Chikungunya infections can cause encephalitis and brain damage according to a published study that focuses on the effects that the disease can have. So far no vaccine has been developed for the prevention of the Chikungunya infection which is usually transmitted through the bite of a mosquito carrying the disease.
The first recorded outbreak of the infection was between 2005 and 2006 on French Reunion Island but since travelers can contact the disease the author of the study, Dr. Patrick Gérardin, who works at the Central University Hospital in Saint Pierre, Reunion Island has warned that precautions should be taken in order to limit the risk of exposure to the disease. He has advised that people travelling in areas where the virus is native should use mosquito repellents and try to wear long sleeves and pants if possible.
There has been increasing concern regarding the Chikungunya infection as the virus can travel and this year 7000 cases have been confirmed in Mexico and a case of infection has now been recorded in Florida. Not only is there no developed vaccine to prevent the infection from being contacted, but there is also no comprehensive treatment course for the disease once diagnosed.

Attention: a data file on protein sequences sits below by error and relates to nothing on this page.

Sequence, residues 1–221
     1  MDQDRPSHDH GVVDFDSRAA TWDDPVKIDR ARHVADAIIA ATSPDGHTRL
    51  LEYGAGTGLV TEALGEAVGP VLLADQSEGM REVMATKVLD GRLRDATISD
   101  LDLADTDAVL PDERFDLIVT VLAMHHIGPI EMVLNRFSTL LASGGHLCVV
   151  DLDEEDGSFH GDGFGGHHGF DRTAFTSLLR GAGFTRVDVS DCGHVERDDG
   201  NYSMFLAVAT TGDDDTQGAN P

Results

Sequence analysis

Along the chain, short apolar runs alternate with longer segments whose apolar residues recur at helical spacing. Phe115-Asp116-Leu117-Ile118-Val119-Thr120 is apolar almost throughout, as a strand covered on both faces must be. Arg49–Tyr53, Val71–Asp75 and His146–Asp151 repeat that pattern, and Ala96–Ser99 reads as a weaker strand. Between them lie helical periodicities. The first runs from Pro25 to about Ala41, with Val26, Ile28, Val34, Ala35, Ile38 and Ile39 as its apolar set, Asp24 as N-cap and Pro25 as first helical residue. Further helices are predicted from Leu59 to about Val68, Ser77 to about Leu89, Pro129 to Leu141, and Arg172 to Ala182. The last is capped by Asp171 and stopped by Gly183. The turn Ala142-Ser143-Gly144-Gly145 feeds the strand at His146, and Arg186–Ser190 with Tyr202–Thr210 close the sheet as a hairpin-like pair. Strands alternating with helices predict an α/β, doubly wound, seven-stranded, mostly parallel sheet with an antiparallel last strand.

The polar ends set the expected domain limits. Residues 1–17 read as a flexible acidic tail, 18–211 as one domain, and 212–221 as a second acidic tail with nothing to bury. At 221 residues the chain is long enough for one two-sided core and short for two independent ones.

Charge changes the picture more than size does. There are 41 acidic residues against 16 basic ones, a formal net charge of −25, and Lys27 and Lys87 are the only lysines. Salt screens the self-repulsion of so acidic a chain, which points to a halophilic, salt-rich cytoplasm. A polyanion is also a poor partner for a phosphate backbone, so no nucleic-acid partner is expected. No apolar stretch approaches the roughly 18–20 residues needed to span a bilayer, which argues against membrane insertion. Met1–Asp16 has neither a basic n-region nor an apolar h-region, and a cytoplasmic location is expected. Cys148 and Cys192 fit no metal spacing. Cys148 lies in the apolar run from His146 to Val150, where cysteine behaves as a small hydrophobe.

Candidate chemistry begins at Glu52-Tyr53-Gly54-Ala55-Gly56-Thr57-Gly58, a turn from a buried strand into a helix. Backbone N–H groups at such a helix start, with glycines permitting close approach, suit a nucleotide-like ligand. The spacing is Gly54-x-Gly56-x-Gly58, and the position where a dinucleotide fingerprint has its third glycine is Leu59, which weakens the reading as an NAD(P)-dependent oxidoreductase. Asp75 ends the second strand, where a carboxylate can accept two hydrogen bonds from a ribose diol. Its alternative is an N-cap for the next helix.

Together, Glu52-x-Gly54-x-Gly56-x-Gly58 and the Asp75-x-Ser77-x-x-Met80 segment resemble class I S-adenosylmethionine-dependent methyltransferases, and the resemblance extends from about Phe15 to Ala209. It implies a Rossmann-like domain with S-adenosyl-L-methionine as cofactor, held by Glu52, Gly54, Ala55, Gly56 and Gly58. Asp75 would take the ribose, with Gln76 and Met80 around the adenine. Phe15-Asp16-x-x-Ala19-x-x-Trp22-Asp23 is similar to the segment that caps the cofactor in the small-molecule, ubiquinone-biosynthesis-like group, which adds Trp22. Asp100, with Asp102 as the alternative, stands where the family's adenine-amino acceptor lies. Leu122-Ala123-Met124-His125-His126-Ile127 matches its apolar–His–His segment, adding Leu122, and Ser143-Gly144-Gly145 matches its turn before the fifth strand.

Once infected, the patient will at first experience a sudden fever followed by joint pains later on, as well as digestive problems and fatigue as well as, in up to 50 percent of cases, a skin rash. Although the mortality rate is rather low considering the dangers that the infection poses to the body, the original research suggests that a more dangerous symptom of the disease is encephalitis, which can have deadly consequences.
Encephalitis is a swelling of the human brain which can result in brain damage and even in death. And while Chikungunya is generally regarded as a non-fatal disease, since the symptoms generally last roughly a couple of weeks after which they disappear on their own, doctors warn that complications like encephalitis can be deadly.
However, after the rise in cases of infection in Mexico this year and the confirmation of a case of the disease in the state of Florida, health officials in the state are becoming more concerned about the mosquito population in the area. Health authorities have also explained that the mosquitoes must be kept in check in order to avoid an outbreak of the disease in the state. They have also warned children are a particularly vulnerable group to the disease, as they face higher risks associated with the infection.
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